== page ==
While some confessed the early drive had been to create events, build audiences and ‘deliver excellence’, many sensed they were moving to a place where they could work with their communities to create spaces where they could confront the ‘devastating social impact’ inequality is having on them. And, in doing so, could challenge the hierarchies endemic in the arts and cultural sector. Partly this was happening through choosing to work with artists, like Suzanne Lacy, who come from a long tradition of radical social practice, but also artists embedded in these communities and choosing to locate their work within them. It was also happening because people felt more confident to take the time needed to develop the kind of trust that ‘comes from being with people and listening to them’.

For others it was through deliberate choices about the art they were inviting people to be part of: resisting work that might be seen to merely ‘paper over the cracks’ and rejecting notions of needing to offer ‘easy or celebratory subjects’. Choosing instead to engage with projects that offer participants the opportunity to speak openly ‘about the events in our lives that shape who we are’. Or work like Heart of Glass’s 12-year Baa Baa Baric residency which looks at the negative life expectancy of men in St Helens head on.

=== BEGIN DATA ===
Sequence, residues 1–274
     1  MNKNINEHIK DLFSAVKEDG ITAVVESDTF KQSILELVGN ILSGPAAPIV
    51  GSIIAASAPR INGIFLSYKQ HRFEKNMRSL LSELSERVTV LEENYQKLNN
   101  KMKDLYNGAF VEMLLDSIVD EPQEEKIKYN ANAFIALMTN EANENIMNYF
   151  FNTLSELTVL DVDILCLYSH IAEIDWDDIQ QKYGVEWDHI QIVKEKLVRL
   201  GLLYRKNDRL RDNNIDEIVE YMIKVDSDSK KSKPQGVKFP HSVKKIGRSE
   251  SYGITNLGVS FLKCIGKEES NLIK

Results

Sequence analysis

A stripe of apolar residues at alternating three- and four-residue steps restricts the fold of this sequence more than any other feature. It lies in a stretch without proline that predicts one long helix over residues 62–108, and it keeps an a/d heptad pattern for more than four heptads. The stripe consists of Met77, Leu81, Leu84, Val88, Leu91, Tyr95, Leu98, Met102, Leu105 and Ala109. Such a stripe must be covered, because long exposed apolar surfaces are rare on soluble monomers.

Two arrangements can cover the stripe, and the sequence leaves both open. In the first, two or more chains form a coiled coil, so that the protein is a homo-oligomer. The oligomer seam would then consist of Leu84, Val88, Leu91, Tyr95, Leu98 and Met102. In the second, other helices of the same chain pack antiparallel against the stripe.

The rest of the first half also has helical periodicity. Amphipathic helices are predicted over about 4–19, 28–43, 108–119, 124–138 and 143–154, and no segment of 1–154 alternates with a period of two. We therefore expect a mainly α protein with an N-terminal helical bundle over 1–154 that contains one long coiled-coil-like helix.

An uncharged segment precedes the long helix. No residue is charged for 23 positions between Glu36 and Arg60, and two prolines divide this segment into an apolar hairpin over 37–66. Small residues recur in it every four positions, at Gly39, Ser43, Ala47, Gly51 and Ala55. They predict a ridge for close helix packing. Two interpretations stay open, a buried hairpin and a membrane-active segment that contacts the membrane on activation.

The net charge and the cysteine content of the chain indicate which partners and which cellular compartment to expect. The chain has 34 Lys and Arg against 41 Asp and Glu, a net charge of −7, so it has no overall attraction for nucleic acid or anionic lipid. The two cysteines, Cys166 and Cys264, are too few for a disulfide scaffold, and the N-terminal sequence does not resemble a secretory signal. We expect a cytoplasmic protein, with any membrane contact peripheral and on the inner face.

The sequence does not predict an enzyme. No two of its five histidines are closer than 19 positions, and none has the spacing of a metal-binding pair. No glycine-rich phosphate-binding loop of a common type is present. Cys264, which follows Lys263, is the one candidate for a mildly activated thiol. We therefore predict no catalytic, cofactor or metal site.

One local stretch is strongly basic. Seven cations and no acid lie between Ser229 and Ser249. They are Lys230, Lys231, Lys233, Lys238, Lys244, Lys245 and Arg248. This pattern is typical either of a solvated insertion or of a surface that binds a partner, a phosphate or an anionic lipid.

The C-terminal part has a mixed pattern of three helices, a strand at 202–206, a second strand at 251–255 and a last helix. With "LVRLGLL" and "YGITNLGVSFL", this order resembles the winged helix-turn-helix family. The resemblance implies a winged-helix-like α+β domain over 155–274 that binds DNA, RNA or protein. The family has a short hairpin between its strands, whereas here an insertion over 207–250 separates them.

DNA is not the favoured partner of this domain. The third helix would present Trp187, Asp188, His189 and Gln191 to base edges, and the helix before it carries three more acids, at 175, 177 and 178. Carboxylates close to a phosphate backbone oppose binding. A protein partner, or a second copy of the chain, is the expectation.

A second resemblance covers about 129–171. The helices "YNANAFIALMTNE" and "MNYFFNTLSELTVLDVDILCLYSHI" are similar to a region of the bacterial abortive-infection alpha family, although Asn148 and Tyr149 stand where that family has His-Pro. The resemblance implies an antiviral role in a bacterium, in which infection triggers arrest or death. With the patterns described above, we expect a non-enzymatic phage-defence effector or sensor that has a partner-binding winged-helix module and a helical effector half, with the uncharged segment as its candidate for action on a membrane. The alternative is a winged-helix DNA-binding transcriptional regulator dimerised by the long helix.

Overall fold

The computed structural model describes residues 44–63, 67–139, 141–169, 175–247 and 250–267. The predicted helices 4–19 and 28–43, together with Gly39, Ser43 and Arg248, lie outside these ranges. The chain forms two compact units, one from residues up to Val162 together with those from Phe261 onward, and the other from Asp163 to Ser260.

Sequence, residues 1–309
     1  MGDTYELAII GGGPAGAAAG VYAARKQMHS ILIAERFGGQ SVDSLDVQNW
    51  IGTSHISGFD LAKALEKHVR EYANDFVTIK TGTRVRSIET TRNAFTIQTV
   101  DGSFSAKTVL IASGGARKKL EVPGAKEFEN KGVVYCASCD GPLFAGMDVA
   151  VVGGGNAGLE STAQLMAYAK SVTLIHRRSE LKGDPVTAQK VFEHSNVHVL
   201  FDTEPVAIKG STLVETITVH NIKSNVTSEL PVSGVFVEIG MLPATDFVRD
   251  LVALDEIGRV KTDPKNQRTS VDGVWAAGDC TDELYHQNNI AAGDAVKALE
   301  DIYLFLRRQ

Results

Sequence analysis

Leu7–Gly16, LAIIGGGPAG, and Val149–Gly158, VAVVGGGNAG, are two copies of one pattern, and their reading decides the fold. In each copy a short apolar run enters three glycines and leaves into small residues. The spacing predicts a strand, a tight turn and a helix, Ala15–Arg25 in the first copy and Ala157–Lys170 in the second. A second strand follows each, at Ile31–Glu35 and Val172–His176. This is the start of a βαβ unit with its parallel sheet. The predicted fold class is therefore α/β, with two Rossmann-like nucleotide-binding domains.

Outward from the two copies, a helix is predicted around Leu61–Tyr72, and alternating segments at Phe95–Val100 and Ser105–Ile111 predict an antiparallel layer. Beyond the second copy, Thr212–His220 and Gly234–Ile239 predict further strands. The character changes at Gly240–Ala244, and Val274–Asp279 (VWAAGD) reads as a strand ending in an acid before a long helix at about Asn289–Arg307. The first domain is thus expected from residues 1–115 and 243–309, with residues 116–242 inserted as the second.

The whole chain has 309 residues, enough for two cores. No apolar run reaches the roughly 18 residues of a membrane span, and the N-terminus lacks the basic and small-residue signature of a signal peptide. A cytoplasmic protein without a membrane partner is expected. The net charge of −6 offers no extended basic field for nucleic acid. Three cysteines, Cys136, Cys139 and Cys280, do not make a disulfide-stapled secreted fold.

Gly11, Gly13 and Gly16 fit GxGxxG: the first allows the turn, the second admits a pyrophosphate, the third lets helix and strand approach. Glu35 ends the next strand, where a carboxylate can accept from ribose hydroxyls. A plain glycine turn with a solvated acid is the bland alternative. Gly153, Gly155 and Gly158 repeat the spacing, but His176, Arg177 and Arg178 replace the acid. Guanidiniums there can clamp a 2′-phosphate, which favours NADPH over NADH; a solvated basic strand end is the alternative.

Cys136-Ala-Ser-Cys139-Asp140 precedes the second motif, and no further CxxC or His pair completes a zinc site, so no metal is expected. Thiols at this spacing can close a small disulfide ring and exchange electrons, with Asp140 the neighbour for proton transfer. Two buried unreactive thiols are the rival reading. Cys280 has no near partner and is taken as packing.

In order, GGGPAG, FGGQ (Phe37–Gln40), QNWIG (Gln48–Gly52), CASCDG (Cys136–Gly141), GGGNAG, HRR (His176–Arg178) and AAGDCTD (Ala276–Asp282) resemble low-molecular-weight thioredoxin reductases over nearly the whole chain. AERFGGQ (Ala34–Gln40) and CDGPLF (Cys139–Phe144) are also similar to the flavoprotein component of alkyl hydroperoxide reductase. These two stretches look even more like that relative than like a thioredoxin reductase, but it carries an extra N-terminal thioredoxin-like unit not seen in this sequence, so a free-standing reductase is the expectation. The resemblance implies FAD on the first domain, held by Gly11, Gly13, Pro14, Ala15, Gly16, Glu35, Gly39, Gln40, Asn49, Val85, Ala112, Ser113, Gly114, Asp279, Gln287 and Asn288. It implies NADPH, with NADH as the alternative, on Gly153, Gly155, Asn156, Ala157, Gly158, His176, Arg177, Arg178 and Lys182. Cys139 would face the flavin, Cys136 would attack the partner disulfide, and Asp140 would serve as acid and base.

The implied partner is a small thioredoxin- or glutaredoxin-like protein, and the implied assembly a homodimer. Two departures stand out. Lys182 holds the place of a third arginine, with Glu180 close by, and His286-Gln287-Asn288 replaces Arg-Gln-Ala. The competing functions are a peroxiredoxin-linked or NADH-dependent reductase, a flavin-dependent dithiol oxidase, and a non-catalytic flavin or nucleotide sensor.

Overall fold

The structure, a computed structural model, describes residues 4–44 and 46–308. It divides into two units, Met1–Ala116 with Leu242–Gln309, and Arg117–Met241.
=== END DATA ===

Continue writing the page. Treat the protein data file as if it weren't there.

I sometimes sense we prefer to ‘get on with things’ in the arts and cultural sectors, in the UK rather than engaging with the rich canon of critical thinking that surrounds the role of arts and culture in our lives. But, in a workshop looking at the ethics and values, CPP teams felt clear that we do need to begin to consider where the programme positions itself in ‘the wider ecology – in every sense’, not only recognising ‘structural privilege, the privilege of the system’, but also thinking ‘deeply about ownership’ and understanding ‘where we find our anchors’ and create work that ‘directly reflects, challenges and questions the politics of our times.

Whether the learning from these journeys can be reflected in systemic change at another level remains to be seen. What Power Up attempts to do is offer ‘trig points’ that might serve as markers along the path to greater cultural democracy. And to place the Creative People and Places programme within the wider social, political and cultural ecology it increasingly senses it can contribute to.    

Chrissie Tiller
https://chrissietiller.com

Footnotes

[1] www.noahpurifoy.com/about-noah/
[2] William T Williams quoted in The Guardian www.theguardian.com/artanddesign/2017/jul/09/ghetto-gallery-black-power-soul-of-a-nation-lorraine-ogrady-melvin-edwards-william-t-williams
[3] Lorraine O’Grady quoted ibid
[4] Elizabeth Catlett quoted Soul of the Nation exhibition Tate Modern
[5] portlandartmuseum.us/mwebcgi/mweb.exe?request=record;id=27476;type=101
[6] blog.yalebooks.com/2015/09/02/on-corita-kent-and-the-language-of-pop/

Image: Heart of Glass. Heather Peak of Studio Morison recently took more than 50 local St Helens skaters on research trips to skate parks around the country. Photo Stephen King